Jenne' Andrews is an American poet. She has three published chapbooks including the recent Blackbirds Dance in the Empire of Love, Finishing Line Press 2013.

A full-length collection, Reunion, Lynx House Press, was published in 1983; after a long hiatus to raise Golden Retrievers in Colorado, recent work has appeared in The Passionate Transitory, Belletrist Coterie, The Adirondack Review and Vox Populi, a journal of culture, politics and poetry published and edited by the august Michael Simms.

A bilingual collection of "Italiana," Bocca, Voce, Delirio, with translations by Lorenzo Luciani, will be released by Finishing Line at the end of 2016 and her latest collection, And Now, the Road, a finalist for the Autumn House prize in 2014, will be released by Salmon Poetry Ltd, Ireland, a highly regarded international house, Jessie Lendennie, Publisher, circa 2017.

Andrews holds the MFA in Creative Writing/Poetry from Colorado State University, is a literary fellow of the National Endowment for the Arts, and was full-time Poet in Residence for the St. Paul Schools from '74-78. She lived in St. Paul from 1971-78 during the first wave of the Twin Cities literary renaissance, and spent the summer of 1973 in Reggio Calabria, Italy.

The poet lives in northern Colorado's Poudre River Valley with her husband, fiction writer Jack Brooks; the couple has recently imported two British Golden Retrievers and expects a litter in June-- see the Ardorgold website for details. Contact: jenneandrews2010@gmail.com .

Tuesday, July 5, 2011

Poem for One Shot and Beyond....

With many others, I've been caught up in a recent trial around the death of a little girl.  I've rendered a number of unsolicited opinions on my other blog-- see links above-- but I wanted to try my hand at something of an elegy.  This poem may strike some of you as macabre-- it is graphic, but tender, I feel.  xj


 In memoriam

Miss Polly had a dolly
Who was sick, sick, sick.
The doctor came
With his bag and his hat,
And he rapped on the door
With a rat-a-tat.tat…..
 - from a nursery rhyme

No body no crime they say.
Yet, a body speaks. A small body speaks
With its bones, where it was left.

Journal entry 2011

Lovely singing bones
Under the crooked tree
Sunlight bathing them
Moonlight shielding them
Rain calming them

The bone-music
Of the thing that was unwanted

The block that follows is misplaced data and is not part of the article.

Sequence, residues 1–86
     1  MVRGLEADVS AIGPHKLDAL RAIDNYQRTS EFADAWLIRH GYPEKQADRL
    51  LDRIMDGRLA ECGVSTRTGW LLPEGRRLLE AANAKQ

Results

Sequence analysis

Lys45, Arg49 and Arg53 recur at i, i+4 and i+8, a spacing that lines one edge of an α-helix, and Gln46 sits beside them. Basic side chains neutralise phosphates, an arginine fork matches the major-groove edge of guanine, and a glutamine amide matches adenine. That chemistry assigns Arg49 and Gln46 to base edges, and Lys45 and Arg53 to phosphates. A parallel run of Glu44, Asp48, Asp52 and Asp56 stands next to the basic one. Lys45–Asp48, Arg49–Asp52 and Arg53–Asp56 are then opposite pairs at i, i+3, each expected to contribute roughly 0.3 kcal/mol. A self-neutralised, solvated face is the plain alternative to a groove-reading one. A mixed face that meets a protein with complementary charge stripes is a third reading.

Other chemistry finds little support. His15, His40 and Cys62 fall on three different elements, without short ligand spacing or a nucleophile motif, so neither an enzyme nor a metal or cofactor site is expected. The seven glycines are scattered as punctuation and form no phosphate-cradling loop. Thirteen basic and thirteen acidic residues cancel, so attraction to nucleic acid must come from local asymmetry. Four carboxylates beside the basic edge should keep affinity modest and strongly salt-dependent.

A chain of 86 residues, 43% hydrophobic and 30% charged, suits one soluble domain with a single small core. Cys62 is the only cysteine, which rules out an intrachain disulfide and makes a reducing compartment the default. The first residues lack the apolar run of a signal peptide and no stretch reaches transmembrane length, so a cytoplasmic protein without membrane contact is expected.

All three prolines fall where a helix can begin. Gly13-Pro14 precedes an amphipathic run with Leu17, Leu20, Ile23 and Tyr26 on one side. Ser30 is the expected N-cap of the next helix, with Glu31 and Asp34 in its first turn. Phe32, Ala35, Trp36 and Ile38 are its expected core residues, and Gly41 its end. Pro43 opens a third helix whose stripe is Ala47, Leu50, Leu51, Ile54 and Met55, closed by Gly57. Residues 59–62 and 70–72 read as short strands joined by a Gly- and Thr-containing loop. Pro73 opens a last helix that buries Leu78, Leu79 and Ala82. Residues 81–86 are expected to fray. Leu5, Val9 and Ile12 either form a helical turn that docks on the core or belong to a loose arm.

The thing cast off
In the lost and found
Of the deep dark woods.

Flesh turned to bone
In the simmering wood
The small fingers
The little, grasping hands

The round head’s home
A bone flower
A mushroom knob of silk
With teacup eyes
Concertina teeth.

Where there was a song
An echo
Like a wood pecker,
An s.o.s.
A rat a tat tat

Who said that?
Who found the bones?

The man in the moon.
The hurrying tribe of owls.
Midnight eyes
In star-spangled branches

This little item in a wounded wood
In its tattered clothes--
Born again
From the hot wet womb
Of a plastic sack.

Find me, sings the thigh bone.
Play me, says the rib-harp--

Thigh bone, shin bone
Knucklebone, teeth.
The loony June moon
In the swampy wood:

I am a weeping metronome
Set to the telltale clatter
Of her xylophone bones.

One Shot Wednesday is a weekly meme sponsored by One Stop Poetryhttp://onestoppoetry.com.  Join up and  join in.  xj  

copyright Jenne' R. Andrews 2011 

 photo Getty images:  little girl is Eva Braun, baby is her sister.  


Timoteo said...

Ironic that your style here is a bit more lilting, considering the subject matter--which, in fact, makes the poem all the more effective. I couldn't help but think of Caylee Anthony.

Alegria Imperial said...

Nothing macabre in it--it's poetry to the hilt, Jenne! I wish I could pick a line but each line is a golden chain to the next and the next. The tone is perfect for the subject--of little girls doing their 'nana-nana-na', to taunt or tease. And thus, the form works like a vise on the subject that you wrap in layered images, making it more gripping, heartbreaking so deeply into the soul. But of course, it's you, Jenne, of the laurel heights writing it! I love it!

Brendan said...

No one living down this way - not on this ship of fools -- could properly sing for this child's bones. Thanks for giving the task to the wind, and the moon, and peace of still things. - Brendan

Mama Zen said...

This is really, really moving.

Ruth said...

It's chilling. To the bone. Almost more than I can bear.

Your language is very beautiful, and I admire your skill very much. Well done.

jen revved said...

Thanks to each of you for taking the time to read and comment on my work: it means the world. Love, Jenne'